Texas has long been one of the most polluted states in the country, but rather than remedy the situation, George W. Bush set out to destroy virtually all attempts to clean up the state's tainted air, water, and land. During his six-year reign as governor, from 1994 to 2000, Texas dropped to number 49 in spending on the environment.10 Under his watch, Texas had the worst pollution record in the United States. It sent the most toxic chemicals and carcinogens into the air. It had the highest emissions of carbon dioxide (CO2), accounting for a least 10 percent of the national total. It had the most chemical spills and Clean Water Act violations, and produced the largest volume of hazardous waste.11 As New York Times colum nist Bob Herbert put it shortly before Bush received the Republican nomination in 2000, "Mr. Bush's relationship to the environment is roughly that of a doctor to a patient -- where the doctor's name is Kevorkian."12
The anti-environment agenda of today's White House was honed and perfected during Bush's gubernatorial years. It was in Texas that he developed the tactics and policies that guide his autocratic leadership today: closed-door meetings with industry insiders who are among his biggest campaign contributors; reliance on pseudo-scientific "studies" by right wing think tanks; emasculation of regulations that cut into industry profits; citizens muzzled in debates that affect their communities.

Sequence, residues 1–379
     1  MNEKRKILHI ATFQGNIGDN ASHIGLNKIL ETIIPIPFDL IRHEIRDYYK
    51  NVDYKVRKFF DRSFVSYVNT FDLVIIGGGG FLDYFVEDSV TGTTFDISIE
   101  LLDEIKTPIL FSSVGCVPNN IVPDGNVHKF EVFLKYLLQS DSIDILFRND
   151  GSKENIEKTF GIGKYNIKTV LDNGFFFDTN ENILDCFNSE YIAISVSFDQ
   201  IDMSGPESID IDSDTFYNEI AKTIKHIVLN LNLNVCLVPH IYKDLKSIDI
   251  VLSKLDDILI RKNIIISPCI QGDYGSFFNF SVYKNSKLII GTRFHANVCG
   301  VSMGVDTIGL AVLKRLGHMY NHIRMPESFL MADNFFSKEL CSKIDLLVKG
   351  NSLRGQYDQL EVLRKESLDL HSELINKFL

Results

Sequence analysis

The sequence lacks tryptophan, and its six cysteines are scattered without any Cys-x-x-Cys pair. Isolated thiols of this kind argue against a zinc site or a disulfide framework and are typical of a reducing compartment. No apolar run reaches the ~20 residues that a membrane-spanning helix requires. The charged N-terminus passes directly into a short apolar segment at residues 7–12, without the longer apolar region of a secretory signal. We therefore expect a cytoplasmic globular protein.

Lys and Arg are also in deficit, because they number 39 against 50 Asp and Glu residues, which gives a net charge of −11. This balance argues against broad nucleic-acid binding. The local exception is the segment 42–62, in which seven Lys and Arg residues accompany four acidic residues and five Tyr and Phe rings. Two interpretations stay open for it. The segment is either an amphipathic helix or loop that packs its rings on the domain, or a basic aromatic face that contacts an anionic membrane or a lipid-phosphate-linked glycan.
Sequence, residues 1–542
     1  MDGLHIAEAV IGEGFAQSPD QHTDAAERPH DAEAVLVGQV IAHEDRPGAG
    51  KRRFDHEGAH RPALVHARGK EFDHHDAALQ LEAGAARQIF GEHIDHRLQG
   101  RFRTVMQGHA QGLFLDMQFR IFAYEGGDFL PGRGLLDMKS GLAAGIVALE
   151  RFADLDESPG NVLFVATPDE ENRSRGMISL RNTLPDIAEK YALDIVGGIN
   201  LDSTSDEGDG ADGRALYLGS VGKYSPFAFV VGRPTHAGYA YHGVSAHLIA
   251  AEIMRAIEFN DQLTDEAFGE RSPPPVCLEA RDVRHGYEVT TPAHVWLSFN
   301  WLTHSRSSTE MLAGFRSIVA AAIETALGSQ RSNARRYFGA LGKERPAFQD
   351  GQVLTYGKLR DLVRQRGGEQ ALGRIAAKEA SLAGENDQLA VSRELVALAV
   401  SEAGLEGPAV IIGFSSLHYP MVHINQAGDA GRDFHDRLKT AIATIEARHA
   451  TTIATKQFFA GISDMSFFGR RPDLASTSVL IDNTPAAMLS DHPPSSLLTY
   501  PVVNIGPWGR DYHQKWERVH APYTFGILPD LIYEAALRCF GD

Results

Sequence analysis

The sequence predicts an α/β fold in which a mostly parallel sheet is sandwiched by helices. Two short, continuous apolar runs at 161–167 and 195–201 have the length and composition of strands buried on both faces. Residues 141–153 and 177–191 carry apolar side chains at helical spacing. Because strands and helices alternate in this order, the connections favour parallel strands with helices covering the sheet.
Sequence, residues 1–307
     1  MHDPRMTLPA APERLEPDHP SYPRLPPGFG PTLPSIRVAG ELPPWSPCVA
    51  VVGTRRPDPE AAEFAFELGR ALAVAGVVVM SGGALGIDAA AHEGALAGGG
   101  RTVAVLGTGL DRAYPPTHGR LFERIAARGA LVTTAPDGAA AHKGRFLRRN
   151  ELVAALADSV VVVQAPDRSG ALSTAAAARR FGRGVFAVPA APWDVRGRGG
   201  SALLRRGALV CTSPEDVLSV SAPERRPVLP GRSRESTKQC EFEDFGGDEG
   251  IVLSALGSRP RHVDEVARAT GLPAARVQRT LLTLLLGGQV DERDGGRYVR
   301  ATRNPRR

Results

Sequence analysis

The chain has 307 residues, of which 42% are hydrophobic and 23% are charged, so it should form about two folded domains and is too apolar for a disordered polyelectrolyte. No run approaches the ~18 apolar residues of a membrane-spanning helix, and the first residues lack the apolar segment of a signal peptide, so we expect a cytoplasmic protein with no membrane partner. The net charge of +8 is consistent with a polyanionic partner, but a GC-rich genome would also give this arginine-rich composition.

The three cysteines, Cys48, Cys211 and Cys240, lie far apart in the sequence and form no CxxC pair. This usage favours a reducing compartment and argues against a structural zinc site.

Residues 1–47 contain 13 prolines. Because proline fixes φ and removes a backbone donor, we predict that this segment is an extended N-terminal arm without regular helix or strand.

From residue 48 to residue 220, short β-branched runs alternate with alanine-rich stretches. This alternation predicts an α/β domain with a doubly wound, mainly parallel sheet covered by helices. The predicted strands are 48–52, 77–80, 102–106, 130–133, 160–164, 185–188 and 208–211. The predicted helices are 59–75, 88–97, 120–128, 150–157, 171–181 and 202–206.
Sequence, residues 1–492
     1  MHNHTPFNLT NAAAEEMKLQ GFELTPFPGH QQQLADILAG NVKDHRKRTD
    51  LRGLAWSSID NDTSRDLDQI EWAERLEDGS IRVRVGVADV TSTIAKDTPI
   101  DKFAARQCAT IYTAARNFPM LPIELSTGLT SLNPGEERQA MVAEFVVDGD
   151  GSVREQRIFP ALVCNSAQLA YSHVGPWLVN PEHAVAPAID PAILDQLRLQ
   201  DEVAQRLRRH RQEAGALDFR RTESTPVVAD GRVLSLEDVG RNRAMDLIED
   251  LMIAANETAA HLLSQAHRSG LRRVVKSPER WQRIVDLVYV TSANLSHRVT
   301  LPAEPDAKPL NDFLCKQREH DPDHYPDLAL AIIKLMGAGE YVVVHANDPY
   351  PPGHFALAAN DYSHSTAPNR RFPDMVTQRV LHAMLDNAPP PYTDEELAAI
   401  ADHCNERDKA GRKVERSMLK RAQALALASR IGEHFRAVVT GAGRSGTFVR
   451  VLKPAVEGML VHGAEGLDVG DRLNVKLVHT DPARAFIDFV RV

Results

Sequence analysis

Soon after becoming governor, Bush declared tort reform an "emergency issue" and appointed judges who made it all but impossible for Texans to bring class action lawsuits against polluters. In 1995 he pushed through the Private Real Property Rights Preservation Act, a radical "takings" bill that would make taxpayers pay polluters' cost of complying with pollution laws. According to this view, corporations should be able to do what they want with their private property; if the state cuts into their profits by forcing them to adopt pollution-control measures, the state (i.e., the public) should pay. This perverse doctrine reverses a millennium of western property law that holds that owners can use their property as the please, but never in a way that diminishes their neighbors' property or the public trust properties like air and water. Leading the charge for this radical new approach was right-wing private-property advocate Marshall Kuykendall, who complained at a public forum that the last time the federal government took our property without compensation is "when Lincoln freed the slaves."13